Hoffman: Decrease actual property tax price in FY24 ‘not reasonable’ | Winchester Star


WINCHESTER — Residential and commercial property values increased so much in Winchester’s recent reassessments that the city could lower its real estate tax rate by 19 cents in fiscal year 2024 and still collect as much tax revenue as it is during the current fiscal year.

That’s according to City Manager Dan Hoffman, who held initial discussions Tuesday with City Council’s Finance Committee regarding Winchester’s proposed real estate tax rate for FY24, which begins July 1.

The rate for fiscal year 2023, which ends June 30, is 93 cents per each $100 of a property’s assessed value. Because of the recent spike in real estate valuations, the revenue-neutral rate for FY24 — the rate that would bring in the exact same amount of tax revenues as FY23 — would be 74 cents per $100.

To illustrate how property owners would pay more in real estate taxes in FY24 if the city’s tax rate remains 93 cents, we’ll use the example of a house that last year was valued at $300,000. In the recent reassessments, Winchester properties increased in value by an average of 30%. That means the $300,000 home from last year is now valued at $390,000. Based on the 93-cent rate, last year’s real estate tax bill for that house would have been $2,790, but this year’s would be $3,627.

Hoffman said the city’s projected revenues for FY24 from all sources — taxes, fees, state and federal funding, etc. — are the highest in Winchester’s history. However, with a local inflation rate of 6½%, expenditures are also at an all-time high, so he is not proposing any tax cuts at this time because the extra money will be needed to maintain government operations.

“That 6½% has hit us on everything from materials to fuel,” he said. “If you look at just the things that we absolutely have to do — continue to fuel police cars, continue to patch sidewalks and paint roads, [buy] chemicals for the pools in Jim Barnett Park — all of those things … start to add up very quickly.”

On Tuesday, he presented the Finance Committee with three FY24 budget options, each of which is based on the 93-cent real estate tax rate.

“The revenue-neutral rate of 74 cents was just not realistic,” Hoffman said. 

All three scenarios reflect a marked increase from the city’s current operating budget of $100,675,000. (The FY23 budget approved by City Council last year was for $93,025,000, but adjustments were made over the past several months to account for a series of revenue and expenditure changes.):

  • Option 1 is for a $117,295,000 budget, which is an increase of $16,620,000 from the current operating budget. It would incorporate $3,071,500 from the general fund, which is, in effect, a savings account set up by Winchester to cover unexpected costs, revenue shortfalls and so on.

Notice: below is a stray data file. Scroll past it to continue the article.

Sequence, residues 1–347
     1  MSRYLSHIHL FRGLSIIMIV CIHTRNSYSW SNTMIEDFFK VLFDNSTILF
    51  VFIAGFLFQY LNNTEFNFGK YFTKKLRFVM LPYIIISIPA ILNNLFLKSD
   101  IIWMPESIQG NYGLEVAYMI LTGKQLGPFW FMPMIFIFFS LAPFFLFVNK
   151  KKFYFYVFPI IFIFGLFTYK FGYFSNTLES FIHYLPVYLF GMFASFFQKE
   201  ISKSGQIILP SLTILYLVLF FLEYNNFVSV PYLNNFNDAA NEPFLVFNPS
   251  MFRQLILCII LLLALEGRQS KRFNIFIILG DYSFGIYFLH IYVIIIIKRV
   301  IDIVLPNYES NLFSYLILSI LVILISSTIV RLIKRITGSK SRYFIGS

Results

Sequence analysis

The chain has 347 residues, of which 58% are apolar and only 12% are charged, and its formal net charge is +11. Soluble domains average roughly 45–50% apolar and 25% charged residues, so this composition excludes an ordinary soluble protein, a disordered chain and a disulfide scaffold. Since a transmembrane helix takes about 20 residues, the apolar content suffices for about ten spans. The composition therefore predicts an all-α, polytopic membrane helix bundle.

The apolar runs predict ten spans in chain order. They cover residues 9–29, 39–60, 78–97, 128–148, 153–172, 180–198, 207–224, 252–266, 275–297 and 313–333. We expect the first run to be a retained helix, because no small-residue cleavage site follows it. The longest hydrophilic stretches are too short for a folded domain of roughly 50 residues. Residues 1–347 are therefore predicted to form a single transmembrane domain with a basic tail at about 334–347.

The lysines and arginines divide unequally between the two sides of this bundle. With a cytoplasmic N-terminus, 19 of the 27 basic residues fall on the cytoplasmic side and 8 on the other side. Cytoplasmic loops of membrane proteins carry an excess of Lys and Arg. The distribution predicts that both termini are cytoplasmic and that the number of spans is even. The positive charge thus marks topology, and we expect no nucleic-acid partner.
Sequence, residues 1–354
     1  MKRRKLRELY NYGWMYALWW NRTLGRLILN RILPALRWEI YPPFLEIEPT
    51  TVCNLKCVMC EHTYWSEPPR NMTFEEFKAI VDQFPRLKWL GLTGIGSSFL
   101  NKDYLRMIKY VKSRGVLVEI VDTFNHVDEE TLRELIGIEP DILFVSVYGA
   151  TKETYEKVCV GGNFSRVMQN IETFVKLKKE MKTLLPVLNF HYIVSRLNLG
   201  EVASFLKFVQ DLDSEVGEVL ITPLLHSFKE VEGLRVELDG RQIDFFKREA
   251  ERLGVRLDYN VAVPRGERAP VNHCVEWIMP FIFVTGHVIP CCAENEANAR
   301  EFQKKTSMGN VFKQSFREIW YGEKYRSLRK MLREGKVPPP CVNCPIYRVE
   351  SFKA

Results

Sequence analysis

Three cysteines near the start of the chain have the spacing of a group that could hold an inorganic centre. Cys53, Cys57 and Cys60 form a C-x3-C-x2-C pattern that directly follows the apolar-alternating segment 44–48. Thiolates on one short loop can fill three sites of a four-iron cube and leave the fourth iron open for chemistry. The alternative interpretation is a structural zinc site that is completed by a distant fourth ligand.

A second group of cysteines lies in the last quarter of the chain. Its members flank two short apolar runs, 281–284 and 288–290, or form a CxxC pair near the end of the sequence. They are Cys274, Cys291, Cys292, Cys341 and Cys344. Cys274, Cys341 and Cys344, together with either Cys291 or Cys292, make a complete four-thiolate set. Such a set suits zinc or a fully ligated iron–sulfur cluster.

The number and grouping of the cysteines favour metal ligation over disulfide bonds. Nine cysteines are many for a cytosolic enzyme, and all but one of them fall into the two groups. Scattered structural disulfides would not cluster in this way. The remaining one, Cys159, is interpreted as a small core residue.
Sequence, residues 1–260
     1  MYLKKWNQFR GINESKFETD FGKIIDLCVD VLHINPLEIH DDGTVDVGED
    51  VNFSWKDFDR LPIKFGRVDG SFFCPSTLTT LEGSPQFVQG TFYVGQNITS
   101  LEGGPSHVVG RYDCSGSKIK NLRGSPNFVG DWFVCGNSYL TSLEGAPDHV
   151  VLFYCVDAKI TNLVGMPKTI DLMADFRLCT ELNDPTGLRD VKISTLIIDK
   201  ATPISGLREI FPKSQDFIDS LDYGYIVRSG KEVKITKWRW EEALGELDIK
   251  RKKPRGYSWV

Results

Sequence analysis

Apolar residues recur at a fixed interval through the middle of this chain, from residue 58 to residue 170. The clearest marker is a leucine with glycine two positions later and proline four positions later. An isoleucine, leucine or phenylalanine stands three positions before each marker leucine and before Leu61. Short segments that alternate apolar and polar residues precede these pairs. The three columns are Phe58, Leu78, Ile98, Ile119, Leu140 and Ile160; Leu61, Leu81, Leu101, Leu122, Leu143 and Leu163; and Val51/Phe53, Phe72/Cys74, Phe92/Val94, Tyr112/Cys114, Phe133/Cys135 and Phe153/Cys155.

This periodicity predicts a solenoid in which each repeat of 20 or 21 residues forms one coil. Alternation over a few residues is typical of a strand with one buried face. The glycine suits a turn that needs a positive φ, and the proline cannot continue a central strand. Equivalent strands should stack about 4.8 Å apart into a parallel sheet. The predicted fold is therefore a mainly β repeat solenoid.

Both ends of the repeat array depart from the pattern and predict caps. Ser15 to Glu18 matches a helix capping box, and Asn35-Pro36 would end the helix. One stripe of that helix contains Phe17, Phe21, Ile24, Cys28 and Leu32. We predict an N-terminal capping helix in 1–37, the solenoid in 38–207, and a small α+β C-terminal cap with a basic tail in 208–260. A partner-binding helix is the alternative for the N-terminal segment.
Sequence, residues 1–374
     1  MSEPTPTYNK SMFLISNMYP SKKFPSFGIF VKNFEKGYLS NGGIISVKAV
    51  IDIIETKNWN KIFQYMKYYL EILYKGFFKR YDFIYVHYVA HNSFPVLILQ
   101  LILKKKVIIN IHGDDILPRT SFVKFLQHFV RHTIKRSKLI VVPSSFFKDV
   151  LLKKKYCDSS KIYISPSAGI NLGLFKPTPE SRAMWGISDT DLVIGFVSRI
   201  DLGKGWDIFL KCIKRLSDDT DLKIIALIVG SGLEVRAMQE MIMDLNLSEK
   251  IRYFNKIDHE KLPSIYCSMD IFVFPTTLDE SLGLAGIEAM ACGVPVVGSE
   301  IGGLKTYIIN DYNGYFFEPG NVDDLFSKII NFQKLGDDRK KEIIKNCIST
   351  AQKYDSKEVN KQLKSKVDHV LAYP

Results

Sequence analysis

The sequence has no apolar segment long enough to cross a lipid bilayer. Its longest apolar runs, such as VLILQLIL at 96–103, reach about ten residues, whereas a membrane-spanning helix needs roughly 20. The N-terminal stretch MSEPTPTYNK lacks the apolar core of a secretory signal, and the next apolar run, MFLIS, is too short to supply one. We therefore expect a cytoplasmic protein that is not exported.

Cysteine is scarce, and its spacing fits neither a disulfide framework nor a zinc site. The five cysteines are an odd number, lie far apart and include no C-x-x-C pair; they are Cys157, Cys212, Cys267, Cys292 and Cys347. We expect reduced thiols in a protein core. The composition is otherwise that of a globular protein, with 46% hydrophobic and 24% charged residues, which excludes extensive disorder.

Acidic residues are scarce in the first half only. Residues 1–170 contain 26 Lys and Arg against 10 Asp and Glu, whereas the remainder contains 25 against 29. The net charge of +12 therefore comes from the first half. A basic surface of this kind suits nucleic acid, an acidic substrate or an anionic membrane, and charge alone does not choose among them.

• Option 2 is for a $117,487,000 budget, which is an increase of $16,812,000 from the current operating budget. It would not use any monetary reserves from the general fund.
  • Option 3 is for a $118,223,000 budget, which is an increase of $17,548,000 from the current operating budget. It would incorporate $3,271,500 from the general fund.

“Those are your placeholder amounts,” Hoffman told the committee, meaning that City Council can use any of his three options as a starting point for creating a final FY24 budget.

If council picks an option that involves drawing money from the general fund, it shouldn’t cause the city any financial hardships. Winchester Finance Director Celeste Broadstreet told the Finance Committee that city policy requires the amount of money in the general fund to be equal to at least 20% of the current operating budget. At the moment, she said, the fund balance is equal to 24.7% of the FY23 budget of $100,675,000.

The next step in the budget process is to advertise the proposed real estate tax rate for FY24. The advertised rate may not be the final rate, though, because it will be presented to the public as a “not to exceed” rate. In other words, if the city advertises a 93-cent real estate tax rate, City Council will not be allowed to adopt a rate higher than that amount. However, it can adopt a lower rate if it chooses.

Hoffman indicated the inflation-fueled rise in the amount of real estate taxes paid by the city’s home and business owners should be temporary because he anticipates a correction in the real estate market by the time Winchester conducts property reassessments again in two years.

“Most economists are looking at the possibility of a much softer market in the coming years as the feds try to get inflation under control,” he said.

As a result, property values should drop and, correspondingly, real estate tax payments should decrease.

Winchester’s operating budget for FY24 will ultimately be decided by City Council, meaning its members will have to choose between higher real estate taxes to fund local government or lower real estate tax bills that, while beneficial to property owners, would make it a challenge for the city to keep pace with inflation and address its infrastructure and operating needs, according to Hoffman.

“This is going to be a strange budget year,” he said.

According to Winchester’s FY24 budget approval timeline, City Council will initiate discussions regarding Hoffman’s proposed real estate tax rate on Tuesday, which is the same day Winchester Public Schools will present the panel with its funding request for the new fiscal year. On April 25, council will adopt a real estate tax rate and Hoffman will formally present a draft FY24 operating budget to the panel. A public hearing and adoption of the overall city budget will occur on May 23.

Attending Tuesday’s meeting of City Council’s Finance Committee were Chairman David Smith and members Corey Sullivan and Richard Bell.


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